Use your head. Stop rationalizing. You’re overthinking it. Follow your heart. Your emotions will lead you astray. Go with your gut. Your instincts are wrong.
How do I know whether to trust my head, my heart, or my gut? I don’t know that I have an answer, but it’s something I’ve been thinking about and I’d like to explore the question.
We hear so many voices telling us which part of ourselves is the best and the truest. Which part won’t lead us down the wrong path. Which parts are just looking for an opportunity to screw us up.
We have thought-filled brains, emotion-filled hearts, and instinct-filled guts. Is there really only one of these looking out for our best interests? Sometimes they agree and sometimes they don’t. What does that mean? What part should we listen to? Is it always the same part?
As usual, I have more questions than answers, but it’s important to consider what we look to when making decisions. Whether we want to or not, we make decisions everyday. Decisions are hard enough when we trust ourselves to discern the right choice. When we second guess everything we think or feel, decisions become practically impossible.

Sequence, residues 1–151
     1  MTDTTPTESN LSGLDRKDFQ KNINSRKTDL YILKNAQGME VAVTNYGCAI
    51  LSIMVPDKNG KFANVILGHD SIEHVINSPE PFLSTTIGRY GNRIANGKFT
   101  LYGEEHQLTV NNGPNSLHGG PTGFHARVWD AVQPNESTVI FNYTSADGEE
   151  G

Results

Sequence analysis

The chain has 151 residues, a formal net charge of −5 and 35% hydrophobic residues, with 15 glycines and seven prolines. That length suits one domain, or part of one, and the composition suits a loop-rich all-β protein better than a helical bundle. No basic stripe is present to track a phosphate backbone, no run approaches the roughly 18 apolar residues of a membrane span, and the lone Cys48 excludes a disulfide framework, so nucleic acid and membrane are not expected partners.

Personally, I think the different parts of us all have roles to play. It’s when we give some parts dominance and deny other parts a voice that things can really get out of balance. Instead of wondering which part of us is most trustworthy, maybe we should be asking how we can listen to all parts to get the fullest picture possible.
Just because each part of us has value doesn’t mean we should accept what it has to say without question. No matter which part we’re talking about, it’s important to dig deeper into what is underneath the information we’re receiving. What is that part’s motivation for what it’s telling me to do or not do? What is it’s role in my life? Overall has it been feeling heard or shut out? Am I getting the whole picture?
Let’s take a closer look at some of these different parts…
We’re often told that the mind is logical and rational. If we gather the facts it will be clear what we should do. Factual evidence is valuable, but our minds can be a little tricky sometimes. They can take what we believe and find all sorts of evidence to support that belief…while conveniently leaving out evidence to the contrary.
For example, if I believe I’m clumsy, my mind can probably come up with all sorts of times I tripped, ran into someone, or dropped something. But it might leave out all the times when I’ve done things requiring balance, dexterity, or coordination. Without seeing all the available information, the picture I’m getting can be pretty skewed. If we’re not careful, we base our beliefs on the facts our minds are telling us without realizing we’re not getting the whole story.